Apologetics shapes how we think, including how we approach the BiblePixabay

Theology matters

Another reason apologetics is so important, is because it lays the groundwork for theology, and good theology matters. If we say that there are no good reasons for Christian faith, or that Christianity really is just a bit absurd and nonsensical, then how do we justify trying to say anything reasonable about God? Especially considering how non-believers might grow into the faith if they are converted, good apologetics sets a precedent for reason, study and asking good questions that is integral to good theology, preaching and discipleship.

If a pastor only appeals to 'my personal spiritual experience' or 'my personal interpretation of the Bible' as an authority then it becomes very difficult to have a real conversation or good disagreement about his or her beliefs. Scholarship, Bible commentaries and philosophy are not infallible, but they bring credibility to a discussion, and are helpful adjudicators for reasonable dialogue. They do justice to the fact that yes, faith and trust are integral to Christianity, but that God has given us brains too, and we should use them.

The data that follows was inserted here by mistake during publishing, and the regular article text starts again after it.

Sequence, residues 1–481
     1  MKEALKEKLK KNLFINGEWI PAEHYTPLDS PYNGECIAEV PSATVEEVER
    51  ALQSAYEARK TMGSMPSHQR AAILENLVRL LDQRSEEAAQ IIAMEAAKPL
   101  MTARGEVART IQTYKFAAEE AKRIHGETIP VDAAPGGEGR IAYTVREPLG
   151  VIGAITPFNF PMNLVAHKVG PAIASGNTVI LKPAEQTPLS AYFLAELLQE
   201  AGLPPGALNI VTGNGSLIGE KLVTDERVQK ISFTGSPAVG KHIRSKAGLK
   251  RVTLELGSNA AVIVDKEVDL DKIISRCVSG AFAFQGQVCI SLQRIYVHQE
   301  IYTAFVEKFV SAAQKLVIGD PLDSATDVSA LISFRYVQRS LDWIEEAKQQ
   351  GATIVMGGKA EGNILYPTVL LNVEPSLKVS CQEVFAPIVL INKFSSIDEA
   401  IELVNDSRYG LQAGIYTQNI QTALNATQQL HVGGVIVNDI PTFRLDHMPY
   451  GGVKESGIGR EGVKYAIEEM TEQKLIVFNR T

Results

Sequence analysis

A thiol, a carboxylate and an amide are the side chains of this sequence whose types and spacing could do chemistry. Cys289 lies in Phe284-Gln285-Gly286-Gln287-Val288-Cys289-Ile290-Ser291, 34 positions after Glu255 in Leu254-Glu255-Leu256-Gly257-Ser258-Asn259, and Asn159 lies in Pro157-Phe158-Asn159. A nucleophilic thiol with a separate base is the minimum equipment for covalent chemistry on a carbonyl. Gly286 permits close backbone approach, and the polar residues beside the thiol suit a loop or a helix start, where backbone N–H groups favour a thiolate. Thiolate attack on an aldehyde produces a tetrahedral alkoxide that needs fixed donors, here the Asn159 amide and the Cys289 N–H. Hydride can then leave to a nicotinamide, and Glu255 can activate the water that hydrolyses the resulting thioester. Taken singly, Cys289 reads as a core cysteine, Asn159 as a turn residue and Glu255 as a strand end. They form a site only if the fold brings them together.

Heart, soul, and mind

That said, apologetics is not everything. While some Christians can get a bad reputation for making no sesne at all, some Christians can be so wrapped up in apologetics that rather than being helpful to outsiders, they come across as smug, more-clever-than-thou Christians who are only interested in winning arguments. They may also be missing out on the more intimate and experiential sides of faith, or the truth that not all of faith can be explained with mere logic and reason.

God has given us a heart and a soul as well as a mind. They are all important aspects of what it means to be human, and all are essential in knowing God too. Some people may need a certain argument to challenge the assumptions of their mind, but others may need something deeper like honesty, kindness and love to move their heart and soul.

To return to 1 Peter 3:15, it's important to remember that one is giving an apologia (reason) not for 'how clever you are' but "for the hope that you have". Peter's assumption is that you would live a life that is so full of hope that people would have to stop and ask you – "how do you have that?"

It might be worth asking yourself exactly that question.